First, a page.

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Trusts And Debtor Shenanigans

What if the judgment debtor lives in a property that is owned by some trust? As an example, the debtor placed their home into a trust previously, long before you received your judgment. There's at least 2 reasons people move assets into trusts. One reason is to avoid probate, one other reason is to try to thwart judgment creditors.

If a trust owning real estate can be proven as an another name for the debtor, one might be able to then attach a lien on that real estate. How might one find out when your judgment debtor owns the trust that has ownership of a property?

My articles are my opinions and are not, legal advice. I am a judgment referral expert, and not a lawyer. If you ever need a strategy to use or legal advice, you should contact a lawyer.

If there is a possibility that your judgment debtor will someday, or now has any real estate property ownership, it is smart to quickly record a real estate lien that specifies them as much as the law allows. These kind of property liens may be called an abstract of judgment, and they should list the debtor's last-known property address.

A first step in finding out who owns the property the debtor stays at or is involved with, is to visit your regional county recorder's building and inspect the records for that property. When real estate is owned by Tom Tune (Te), the "Te" most often means the individual is the trustee of some trust. Often, properties get transferred into a trust with a quitclaim deed.

Trusts are contracts between people. Trusts are a type of legal entity, but trusts are not individual legal entities like corporations and LLCs are. A trust sometimes forms a document which contains the goals of the debtor in the event of their death or disability.

A simple trust might be an asset, just like another asset inside a judgment debtor's bank deposit box. Your debtor may not be the owner of a trust, and instead may use or own assets contained in that trust.

Trusts may contain some other trust, or own other LLCs or corporate entities. It may be structured so well that the assets put inside the trust become judgment proof and unreachable.

Some trusts, particularly complex trusts designed by expert asset-protection lawyers, are used as asset protection tools by debtors. A well-designed trust, designed by a professional financial planning expert working with a good attorney, could form trusts which may become judgment proof, and might offer that debtor a world-class asset protection solution. Trying to undo such asset protecting trusts is usually really expensive and difficult.

It all depends on the details of the trust, the amount of the judgment, and the assets at stake. The only way to determine the possible asset-protecting level of the trust, is for you or an attorney to issue a debtor examination subpoena to get and read a copy of the trust. If the trust is amateur, simple, not properly set up, or has flaws; there may be hope.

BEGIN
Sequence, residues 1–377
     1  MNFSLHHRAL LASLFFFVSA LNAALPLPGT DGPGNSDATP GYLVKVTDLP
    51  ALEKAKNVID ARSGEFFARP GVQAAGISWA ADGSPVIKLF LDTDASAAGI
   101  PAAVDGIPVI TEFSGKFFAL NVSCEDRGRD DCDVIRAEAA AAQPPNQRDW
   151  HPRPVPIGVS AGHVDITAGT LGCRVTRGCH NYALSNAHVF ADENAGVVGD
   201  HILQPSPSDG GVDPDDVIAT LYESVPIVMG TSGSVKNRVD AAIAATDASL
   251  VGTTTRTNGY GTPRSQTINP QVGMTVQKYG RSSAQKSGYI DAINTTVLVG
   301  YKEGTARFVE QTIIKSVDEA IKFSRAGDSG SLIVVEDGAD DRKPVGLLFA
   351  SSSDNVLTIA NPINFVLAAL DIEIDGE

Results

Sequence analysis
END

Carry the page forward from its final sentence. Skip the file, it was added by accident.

Hopefully, you can prove the trust and the assets inside it, are just an asset that belongs to the judgment debtor. To prove who owns a judgment debtor's trust most often requires a judgment debtor examination, with a request for a document production. Subpoena the trust document, and look for some authentication proof, which might require one or more (usually notarized) signatures.

When there is a loan on the real estate in question, the details of that loan situation will show who is who. Usually, loans are made to individuals, and later real estate is moved into a trust.

If you are able to prove that the judgment debtor owns a simple trust, and is using the trust just to attempt to stop you from recording your judgment lien on their real estate; you may be able to have an affidavit of identity request approved. Such an order could order that the trust is just an AKA of your judgment debtor. Then, you may be able to get a turnover request approved, after a debtor exam. Certain judges will not sign such an order, and your results will vary.

If you get this kind a trust ownership turnover order approved, it could be recorded, along with a certified minute order (the statement documented after a court made a decision). That may cloud title to your judgment debtor's real estate.

Look for any other assets named in the trust, such as bank or brokerage accounts. After that, subpoena any documents of assets owned by that trust. When there are some accounts, you may be able to pay for a Sheriff garnishment or have a turnover order of the assets; after proving the assets are the debtor's real estate, held in the name or AKA for the trust of the judgment debtor.

About Author Mark Shapiro :

Mark Shapiro of <a href="" target="_blank"></a> - The easiest and fastest way to find the right expert to buy or recover your judgment.

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Article Added on Monday, May 5, 2014
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